Analyses of nationally representative longitudinal data—the National Longitudinal Survey of Youth (Strauss and Knight, 1999; Strauss and Pollack, 2001) and the National Longitudinal Study of Adolescent Health (NLSAH) (Goodman, 1999)—have suggested that family SES is inversely related to obesity prevalence in children and that the effects of SES and race/ethnicity are independent of other variables. A more recent analysis of a nationally representative sample of adolescents enrolled in the NLSAH examined trends in racial/ethnic disparities for leading health indicators from Healthy People 2010 (Harris et al., 2006) across multiple domains from adolescence to young adulthood. The results revealed that the health risk increased for 15 of 20 indicators among racially/ethnically diverse adolescents. Access to health care decreased from the teen to the adult years for most U.S. racial/ethnic groups, and the disparity was particularly high for American Indians (Harris et al., 2006).
Analyses of nationally representative cross-sectional data reveal additional findings that can help to provide an understanding of the relationship between SES and obesity. An examination of the 1988 to 1994 NHANES data showed that the prevalence of obesity in white adolescents was higher for those in low-income families, but there was no clear relationship between family income and obesity in individuals in other age or racial/ethnic subgroups (Ogden et al., 2003; Troiano and Flegal, 1998). A more recent analysis of trends in the association between poverty and adolescents’ obesity risk was conducted for four cross-sectional NHANES surveys conducted from 1971 to 2004 (Miech et al., 2006). Although the obesity prevalence did not differ by SES or family poverty status for teens through age 14 years, a widening disparity was observed for 15- to 17-year-olds, especially boys, girls, non-Hispanic whites, and non-Hispanic African Americans. There was a 50 percent higher risk of obesity among adolescents in poor families compared with that among adolescents in non-poor families. Possible mechanisms that contributed to the obesity risk for adolescents were physical inactivity, higher levels of consumption of sweetened beverages, and skipping breakfast (Miech et al., 2006).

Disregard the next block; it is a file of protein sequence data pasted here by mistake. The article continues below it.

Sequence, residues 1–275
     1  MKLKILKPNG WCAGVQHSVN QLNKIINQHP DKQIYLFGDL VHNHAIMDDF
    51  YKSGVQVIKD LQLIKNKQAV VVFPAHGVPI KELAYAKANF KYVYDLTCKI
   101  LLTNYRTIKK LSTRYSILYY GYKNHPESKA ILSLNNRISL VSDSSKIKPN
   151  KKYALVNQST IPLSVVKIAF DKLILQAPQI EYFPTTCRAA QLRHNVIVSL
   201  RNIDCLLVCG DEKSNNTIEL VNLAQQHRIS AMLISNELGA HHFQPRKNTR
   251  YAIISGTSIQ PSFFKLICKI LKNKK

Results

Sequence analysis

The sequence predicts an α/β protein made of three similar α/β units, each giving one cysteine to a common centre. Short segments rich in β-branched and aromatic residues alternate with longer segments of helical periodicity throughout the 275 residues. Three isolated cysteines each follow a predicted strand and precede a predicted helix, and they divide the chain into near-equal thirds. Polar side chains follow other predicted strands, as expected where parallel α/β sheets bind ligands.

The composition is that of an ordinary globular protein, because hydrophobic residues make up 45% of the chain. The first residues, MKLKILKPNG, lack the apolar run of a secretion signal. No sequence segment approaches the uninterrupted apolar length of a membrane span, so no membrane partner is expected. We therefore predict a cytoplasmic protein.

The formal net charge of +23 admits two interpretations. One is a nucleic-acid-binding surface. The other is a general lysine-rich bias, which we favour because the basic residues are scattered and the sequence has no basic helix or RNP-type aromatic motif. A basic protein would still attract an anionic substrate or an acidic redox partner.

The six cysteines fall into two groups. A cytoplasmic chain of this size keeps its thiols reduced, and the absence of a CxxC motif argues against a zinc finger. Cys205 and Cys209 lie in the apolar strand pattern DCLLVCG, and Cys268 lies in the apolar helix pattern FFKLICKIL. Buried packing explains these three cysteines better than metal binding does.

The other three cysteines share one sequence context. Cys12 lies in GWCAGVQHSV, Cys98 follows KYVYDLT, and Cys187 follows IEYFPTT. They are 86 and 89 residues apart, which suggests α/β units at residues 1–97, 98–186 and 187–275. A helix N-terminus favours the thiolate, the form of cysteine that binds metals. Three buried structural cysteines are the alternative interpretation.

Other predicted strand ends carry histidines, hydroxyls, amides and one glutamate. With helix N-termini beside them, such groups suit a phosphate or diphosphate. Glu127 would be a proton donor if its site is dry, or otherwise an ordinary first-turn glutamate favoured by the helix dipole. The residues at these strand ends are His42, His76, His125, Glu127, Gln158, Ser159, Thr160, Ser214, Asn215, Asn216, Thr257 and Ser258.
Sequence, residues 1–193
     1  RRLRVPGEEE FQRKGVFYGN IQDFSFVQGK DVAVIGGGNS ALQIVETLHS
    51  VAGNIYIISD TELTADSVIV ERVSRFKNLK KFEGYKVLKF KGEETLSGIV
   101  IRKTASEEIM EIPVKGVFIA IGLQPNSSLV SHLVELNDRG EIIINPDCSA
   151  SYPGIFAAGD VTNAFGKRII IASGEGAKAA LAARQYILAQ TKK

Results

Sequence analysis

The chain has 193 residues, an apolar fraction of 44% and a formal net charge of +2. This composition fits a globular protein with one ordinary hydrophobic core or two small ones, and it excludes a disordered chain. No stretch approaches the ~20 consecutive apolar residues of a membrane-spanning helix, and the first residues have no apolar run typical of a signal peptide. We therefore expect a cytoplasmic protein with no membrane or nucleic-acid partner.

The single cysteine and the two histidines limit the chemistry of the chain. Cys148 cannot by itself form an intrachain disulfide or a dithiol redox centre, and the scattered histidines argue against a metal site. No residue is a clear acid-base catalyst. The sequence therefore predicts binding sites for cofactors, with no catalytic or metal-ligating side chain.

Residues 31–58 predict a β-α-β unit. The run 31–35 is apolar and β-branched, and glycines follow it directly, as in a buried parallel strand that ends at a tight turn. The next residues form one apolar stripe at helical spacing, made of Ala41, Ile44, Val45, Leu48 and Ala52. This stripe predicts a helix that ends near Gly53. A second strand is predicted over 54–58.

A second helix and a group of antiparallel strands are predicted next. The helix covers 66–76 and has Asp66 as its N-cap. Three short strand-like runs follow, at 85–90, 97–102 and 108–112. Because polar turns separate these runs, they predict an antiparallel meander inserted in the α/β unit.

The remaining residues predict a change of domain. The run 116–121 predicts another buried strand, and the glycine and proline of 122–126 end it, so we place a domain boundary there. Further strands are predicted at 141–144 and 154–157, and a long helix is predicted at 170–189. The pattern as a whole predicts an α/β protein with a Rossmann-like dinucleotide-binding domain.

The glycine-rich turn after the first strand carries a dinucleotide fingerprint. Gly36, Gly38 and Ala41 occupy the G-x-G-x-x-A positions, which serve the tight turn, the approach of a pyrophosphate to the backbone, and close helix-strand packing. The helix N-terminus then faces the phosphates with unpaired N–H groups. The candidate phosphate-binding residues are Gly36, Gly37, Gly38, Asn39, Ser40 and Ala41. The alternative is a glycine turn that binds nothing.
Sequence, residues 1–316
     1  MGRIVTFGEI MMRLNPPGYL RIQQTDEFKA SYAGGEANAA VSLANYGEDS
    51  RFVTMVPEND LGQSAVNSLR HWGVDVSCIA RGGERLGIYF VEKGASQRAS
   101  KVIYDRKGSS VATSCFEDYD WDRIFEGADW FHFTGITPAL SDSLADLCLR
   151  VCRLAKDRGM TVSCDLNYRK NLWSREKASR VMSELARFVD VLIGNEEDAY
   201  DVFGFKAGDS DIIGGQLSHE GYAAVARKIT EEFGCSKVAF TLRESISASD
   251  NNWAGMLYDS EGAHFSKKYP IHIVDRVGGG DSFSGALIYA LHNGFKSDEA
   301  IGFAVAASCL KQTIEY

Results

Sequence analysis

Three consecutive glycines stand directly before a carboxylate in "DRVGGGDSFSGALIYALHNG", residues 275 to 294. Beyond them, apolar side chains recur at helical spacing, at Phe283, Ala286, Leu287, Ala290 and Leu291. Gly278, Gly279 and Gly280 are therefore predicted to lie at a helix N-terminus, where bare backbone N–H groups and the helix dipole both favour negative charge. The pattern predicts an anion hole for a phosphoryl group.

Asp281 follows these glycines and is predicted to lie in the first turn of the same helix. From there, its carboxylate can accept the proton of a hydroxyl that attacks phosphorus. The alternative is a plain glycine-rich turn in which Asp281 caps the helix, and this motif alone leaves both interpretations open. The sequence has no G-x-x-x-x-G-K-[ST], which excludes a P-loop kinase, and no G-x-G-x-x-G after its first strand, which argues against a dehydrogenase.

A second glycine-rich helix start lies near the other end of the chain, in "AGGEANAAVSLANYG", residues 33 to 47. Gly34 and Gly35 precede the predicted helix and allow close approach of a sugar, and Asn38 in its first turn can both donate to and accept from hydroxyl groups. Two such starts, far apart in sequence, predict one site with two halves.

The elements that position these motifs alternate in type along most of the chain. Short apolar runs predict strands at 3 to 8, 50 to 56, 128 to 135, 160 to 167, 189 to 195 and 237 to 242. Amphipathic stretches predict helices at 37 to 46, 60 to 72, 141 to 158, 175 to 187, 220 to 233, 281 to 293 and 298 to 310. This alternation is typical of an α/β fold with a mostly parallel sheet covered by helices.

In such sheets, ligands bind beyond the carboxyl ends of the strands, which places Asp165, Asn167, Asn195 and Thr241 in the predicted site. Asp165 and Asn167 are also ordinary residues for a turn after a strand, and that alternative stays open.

from 4.7 percent in 1970 to 11.5 percent in 2002 (Dey and Lucas, 2006). The children of immigrant families are thus among the fastest-growing and the most ethnically diverse segment of the American child population. The median age of the individuals who make up the Hispanic/Latino second generation, for example, is just over 12 years (NRC, 2006b). Significant differences in the physical health status exist among U.S.-born and foreign-born individuals. Differences in the lengths of stay of immigrants in the United States suggest that the role of acculturation on immigrant health is complex and differs for various racial/ethnic groups (Dey and Lucas, 2006; Goel et al., 2004; Gordon-Larsen et al., 2003). However, what is clear from the available evidence is that the acculturation of young and adult immigrant populations is associated with the adoption of lifestyle behaviors and social norms that promote weight gain and obesity.
An analysis of a nationally representative sample of 13,783 adolescents from the National Longitudinal Study of Adolescent Health found that